Logs with unexplained square. Book cover, maybe?

A couple approaches to a still life.

The class included techniques for drawing people without staring at them and hence creeping them out. The most fascinating tactic: look at your subject for a second, shut your eyes and stare at the afterimage burned into your eyelids, then look down and draw FAST – everything you can remember from the hovering, ephemeral shape. Drawing from memory is handy, especially for objects in motion – animals, little league players, hipsters.

Dog not included.
Oh, there's the dog. By the dreadlock hippies.
Oh, there’s the dog. By the dreadlock hippies.

Soon I’ll be branching out into sandwich boards, metallic copper paint, and perhaps some earthy interior work for a massage therapist… stay tuned!

Breaking the rules, and a gift from the Big Sky

Seven other students and I are taking a couple of months of watercolor classes with local artist Bob Phinney. He started as a freehand signpainter, so I feel a connection to that. He’s a fan of working fast and loose, sprinkling grainy stuff into your gesso, and knowing the rules… but also knowing when to break them. The other painters bring talent, encouragement, community, and a fondness for purple. Three cheers for the Lifelong Learning Center; Missoula is lucky to have one!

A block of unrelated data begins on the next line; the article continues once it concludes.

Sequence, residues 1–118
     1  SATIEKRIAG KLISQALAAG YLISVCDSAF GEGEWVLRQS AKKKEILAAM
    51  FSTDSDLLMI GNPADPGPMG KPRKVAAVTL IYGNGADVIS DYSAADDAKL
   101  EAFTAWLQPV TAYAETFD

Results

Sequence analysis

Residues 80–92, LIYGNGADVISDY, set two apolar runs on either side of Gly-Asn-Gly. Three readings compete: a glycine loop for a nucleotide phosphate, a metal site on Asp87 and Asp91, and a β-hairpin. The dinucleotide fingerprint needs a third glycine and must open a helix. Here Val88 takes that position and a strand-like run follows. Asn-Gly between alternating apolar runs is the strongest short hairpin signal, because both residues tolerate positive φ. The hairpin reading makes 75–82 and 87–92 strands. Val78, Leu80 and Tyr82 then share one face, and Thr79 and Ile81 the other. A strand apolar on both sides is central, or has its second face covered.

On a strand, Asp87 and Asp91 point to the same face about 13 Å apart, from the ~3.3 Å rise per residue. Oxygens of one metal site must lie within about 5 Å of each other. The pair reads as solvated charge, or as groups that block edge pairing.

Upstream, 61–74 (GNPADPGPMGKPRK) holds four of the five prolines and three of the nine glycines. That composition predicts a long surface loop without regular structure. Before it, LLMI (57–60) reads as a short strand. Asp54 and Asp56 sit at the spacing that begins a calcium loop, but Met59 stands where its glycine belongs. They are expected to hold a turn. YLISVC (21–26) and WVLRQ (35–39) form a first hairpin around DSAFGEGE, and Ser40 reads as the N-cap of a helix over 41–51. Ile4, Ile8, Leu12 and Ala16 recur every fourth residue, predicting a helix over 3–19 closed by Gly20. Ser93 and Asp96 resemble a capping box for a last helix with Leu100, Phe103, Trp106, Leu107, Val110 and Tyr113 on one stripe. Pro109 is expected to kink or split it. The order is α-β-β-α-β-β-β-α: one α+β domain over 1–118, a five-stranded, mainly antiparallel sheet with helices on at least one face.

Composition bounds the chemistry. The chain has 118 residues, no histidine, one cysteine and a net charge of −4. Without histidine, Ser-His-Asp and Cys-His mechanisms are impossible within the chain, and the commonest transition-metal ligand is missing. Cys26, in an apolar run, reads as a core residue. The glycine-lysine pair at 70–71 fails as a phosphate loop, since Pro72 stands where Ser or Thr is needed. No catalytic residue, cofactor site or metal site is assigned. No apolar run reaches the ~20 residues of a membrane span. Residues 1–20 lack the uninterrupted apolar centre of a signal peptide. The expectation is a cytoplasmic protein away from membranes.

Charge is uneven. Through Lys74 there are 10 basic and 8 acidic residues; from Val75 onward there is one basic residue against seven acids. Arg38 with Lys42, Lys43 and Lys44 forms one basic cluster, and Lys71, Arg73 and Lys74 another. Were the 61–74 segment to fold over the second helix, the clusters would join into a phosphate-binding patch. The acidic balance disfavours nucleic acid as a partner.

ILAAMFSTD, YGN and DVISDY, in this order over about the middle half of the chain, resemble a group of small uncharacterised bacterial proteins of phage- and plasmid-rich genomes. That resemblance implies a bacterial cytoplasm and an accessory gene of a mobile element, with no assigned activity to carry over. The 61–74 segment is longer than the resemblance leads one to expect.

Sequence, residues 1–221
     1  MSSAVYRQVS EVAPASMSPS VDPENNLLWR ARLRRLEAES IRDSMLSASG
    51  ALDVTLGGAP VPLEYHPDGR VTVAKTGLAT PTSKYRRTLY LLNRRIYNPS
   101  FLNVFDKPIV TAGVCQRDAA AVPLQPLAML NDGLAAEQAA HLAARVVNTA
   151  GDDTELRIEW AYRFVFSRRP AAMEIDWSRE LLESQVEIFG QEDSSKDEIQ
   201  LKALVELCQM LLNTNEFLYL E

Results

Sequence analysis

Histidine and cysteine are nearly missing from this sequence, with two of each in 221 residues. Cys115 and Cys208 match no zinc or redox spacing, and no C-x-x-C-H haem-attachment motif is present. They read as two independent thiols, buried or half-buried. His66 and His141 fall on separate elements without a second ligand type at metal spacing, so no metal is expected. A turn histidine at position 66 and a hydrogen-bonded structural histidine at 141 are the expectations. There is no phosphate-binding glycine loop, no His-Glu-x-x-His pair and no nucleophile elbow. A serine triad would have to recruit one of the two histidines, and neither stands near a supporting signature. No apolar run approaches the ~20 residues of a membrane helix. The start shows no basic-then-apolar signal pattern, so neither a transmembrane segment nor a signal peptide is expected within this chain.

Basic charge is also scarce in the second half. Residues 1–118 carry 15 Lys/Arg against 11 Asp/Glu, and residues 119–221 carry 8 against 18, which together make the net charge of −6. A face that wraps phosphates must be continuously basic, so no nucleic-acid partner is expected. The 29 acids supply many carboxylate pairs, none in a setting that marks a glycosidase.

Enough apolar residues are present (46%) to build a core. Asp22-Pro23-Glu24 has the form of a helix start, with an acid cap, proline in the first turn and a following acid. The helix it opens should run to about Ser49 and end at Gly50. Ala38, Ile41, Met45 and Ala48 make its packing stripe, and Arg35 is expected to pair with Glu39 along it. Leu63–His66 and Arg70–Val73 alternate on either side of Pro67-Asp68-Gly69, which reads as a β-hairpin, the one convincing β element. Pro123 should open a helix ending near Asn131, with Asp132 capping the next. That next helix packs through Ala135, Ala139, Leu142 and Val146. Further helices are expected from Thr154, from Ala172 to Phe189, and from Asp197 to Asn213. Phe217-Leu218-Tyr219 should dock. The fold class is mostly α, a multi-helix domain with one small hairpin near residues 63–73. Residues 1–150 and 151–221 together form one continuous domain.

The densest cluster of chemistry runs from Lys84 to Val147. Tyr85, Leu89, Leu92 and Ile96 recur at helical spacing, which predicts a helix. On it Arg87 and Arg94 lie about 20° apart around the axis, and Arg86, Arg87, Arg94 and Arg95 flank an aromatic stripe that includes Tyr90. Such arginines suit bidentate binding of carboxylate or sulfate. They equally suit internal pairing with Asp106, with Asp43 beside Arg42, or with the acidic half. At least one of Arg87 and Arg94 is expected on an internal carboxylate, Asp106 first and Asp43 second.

My first piece, still in progress...
Study in progress: un hombre cubano, with a stogie and a bass, da un paseo.

On the signpainting front, I joined the local barter network, WeTrade, because I believe in supporting alternative currencies and independent businesses. (Also, folks may be more likely to hire a plucky signpainter if they don’t have to pay her in cold cash on the spot.) Here’s a taste of the Cajun holiday art that I did as a trade with Café Zydeco, if you haven’t yet seen it on Facebook:

zydeco lobster

zydeco wreath lobster

zydeco balls

An uncommonly bad photo of one of my doodles
Blurry photo of a meditative doodle

Burnout is a concern, especially after several weeks of regular work plus art work on top. I am being gentle, taking days to just doodle and paint leisurely. Figuring out this livelihood and lifestyle includes making up new rules, not only breaking established ones: what to do next, what is important. It necessitates a bump in trust, in faith… which is good!

And fortunately, I’ve had little victories to keep me going. Some are self-created, like using goofy emojis to check off items on my art-to-do list. And others are external, like landing gigs: the next half-warm day we get, you’ll find me painting bluebirds and heart-shaped ribbons on the glass of a fine jewelry store smack in the heart of downtown. I so appreciate the people who hear my spiel and say, “Sure!”

Thanks to Janice
Like Janice, who hired me to do her hair salon in a fun, Art Deco font. Thanks, Janice!

And one more little victory: the Zootown Arts Community Center, in collaboration with the Big Sky Documentary Film Festival, accepted one of my paintings in its Art Activism show.

Details, and more art, soon!